Mid-century ensemble regional climate change scenarios for the western United States
|Title||Mid-century ensemble regional climate change scenarios for the western United States|
|Publication Type||Journal Article|
|Year of Publication||2004|
|Authors||Leung LR, Qian Y, Bian XD, Washington WM, Han JG, Roads JO|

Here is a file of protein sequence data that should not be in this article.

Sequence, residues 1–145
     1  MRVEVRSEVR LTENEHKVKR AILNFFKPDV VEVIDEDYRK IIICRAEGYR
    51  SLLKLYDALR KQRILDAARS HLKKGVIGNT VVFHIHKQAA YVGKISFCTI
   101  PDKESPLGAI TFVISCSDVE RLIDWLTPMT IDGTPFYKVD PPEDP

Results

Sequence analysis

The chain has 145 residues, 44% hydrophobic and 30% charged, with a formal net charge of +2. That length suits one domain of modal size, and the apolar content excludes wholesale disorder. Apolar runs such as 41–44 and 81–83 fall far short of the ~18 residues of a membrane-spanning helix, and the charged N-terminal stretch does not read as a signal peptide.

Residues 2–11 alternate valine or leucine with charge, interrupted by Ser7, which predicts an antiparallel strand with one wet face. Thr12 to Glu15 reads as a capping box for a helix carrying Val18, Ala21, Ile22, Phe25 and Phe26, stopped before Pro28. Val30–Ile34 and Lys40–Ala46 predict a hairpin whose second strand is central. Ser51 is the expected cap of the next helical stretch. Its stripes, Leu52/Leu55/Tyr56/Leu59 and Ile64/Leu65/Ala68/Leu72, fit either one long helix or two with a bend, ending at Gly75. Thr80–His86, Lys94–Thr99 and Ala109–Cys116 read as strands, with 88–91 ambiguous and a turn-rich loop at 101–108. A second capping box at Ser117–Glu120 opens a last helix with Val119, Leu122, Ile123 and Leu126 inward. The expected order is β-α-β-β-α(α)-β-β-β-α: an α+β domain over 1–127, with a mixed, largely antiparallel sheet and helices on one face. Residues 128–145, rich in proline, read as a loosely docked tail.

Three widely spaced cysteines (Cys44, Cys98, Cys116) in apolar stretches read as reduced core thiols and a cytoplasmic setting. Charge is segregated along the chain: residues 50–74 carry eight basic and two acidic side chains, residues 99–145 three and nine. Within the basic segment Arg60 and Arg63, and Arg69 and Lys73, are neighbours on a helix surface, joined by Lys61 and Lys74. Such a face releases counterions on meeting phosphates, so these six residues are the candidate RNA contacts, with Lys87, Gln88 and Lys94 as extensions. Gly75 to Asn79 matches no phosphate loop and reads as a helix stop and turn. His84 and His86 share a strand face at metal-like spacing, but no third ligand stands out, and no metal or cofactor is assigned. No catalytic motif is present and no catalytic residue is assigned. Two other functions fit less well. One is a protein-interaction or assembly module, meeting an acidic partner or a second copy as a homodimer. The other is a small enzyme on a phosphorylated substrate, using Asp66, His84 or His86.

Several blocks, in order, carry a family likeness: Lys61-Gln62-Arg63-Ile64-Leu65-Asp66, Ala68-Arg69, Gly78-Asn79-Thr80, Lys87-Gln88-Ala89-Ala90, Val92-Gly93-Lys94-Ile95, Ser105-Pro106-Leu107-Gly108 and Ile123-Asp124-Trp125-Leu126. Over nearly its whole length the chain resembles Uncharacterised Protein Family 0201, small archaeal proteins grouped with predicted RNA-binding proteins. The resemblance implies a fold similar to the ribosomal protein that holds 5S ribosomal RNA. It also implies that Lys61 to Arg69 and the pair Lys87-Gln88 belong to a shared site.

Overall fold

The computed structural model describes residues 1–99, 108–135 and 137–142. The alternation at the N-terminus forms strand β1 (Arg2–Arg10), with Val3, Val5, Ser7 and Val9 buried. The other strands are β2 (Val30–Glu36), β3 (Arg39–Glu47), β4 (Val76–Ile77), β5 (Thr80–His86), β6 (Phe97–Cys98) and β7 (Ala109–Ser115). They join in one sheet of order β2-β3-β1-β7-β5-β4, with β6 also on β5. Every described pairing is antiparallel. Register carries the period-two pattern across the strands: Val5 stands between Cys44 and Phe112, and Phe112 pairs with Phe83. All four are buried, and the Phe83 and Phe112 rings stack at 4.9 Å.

To study the impacts of climate change on water resources in the western U. S., global climate simulations were produced using the National Center for Atmospheric Research/Department of Energy (NCAR/DOE) Parallel Climate Model (PCM). The Penn State/NCAR Mesoscale Model (MM5) was used to downscale the PCM control (20 years) and three future (2040 - 2060) climate simulations to yield ensemble regional climate simulations at 40 km spatial resolution for the western U. S. This paper describes the regional simulations and focuses on the hydroclimate conditions in the Columbia River Basin (CRB) and Sacramento- San Joaquin River (SSJ) Basin. Results based on global and regional simulations show that by mid-century, the average regional warming of 1 to 2.5 degrees C strongly affects snowpack in the western U. S. Along coastal mountains, reduction in annual snowpack was about 70% as indicated by the regional simulations. Besides changes in mean temperature, precipitation, and snowpack, cold season extreme daily precipitation increased by 5 to 15 mm/day (15 - 20%) along the Cascades and the Sierra. The warming resulted in increased rainfall at the expense of reduced snowfall, and reduced snow accumulation (or earlier snowmelt) during the cold season. In the CRB, these changes were accompanied by more frequent rain-on-snow events. Overall, they induced higher likelihood of wintertime flooding and reduced runoff and soil moisture in the summer. Changes in surface water and energy budgets in the CRB and SSJ basin were affected mainly by changes in surface temperature, which were statistically significant at the 0.95 confidence level. Changes in precipitation, while spatially incoherent, were not statistically significant except for the drying trend during summer. Because snow and runoff are highly sensitive to spatial distributions of temperature and precipitation, this study shows that (1) downscaling provides more realistic estimates of hydrologic impacts in mountainous regions such as the western U. S., and (2) despite relatively small changes in temperature and precipitation, changes in snowpack and runoff can be much larger on monthly to seasonal time scales because the effects of temperature and precipitation are integrated over time and space through various surface hydrological and land-atmosphere feedback processes. Although the results reported in this study were derived from an ensemble of regional climate simulations driven by a global climate model that displays low climate sensitivity compared with most other models, climate change was found to significantly affect water resources in the western U. S. by the mid twenty-first century.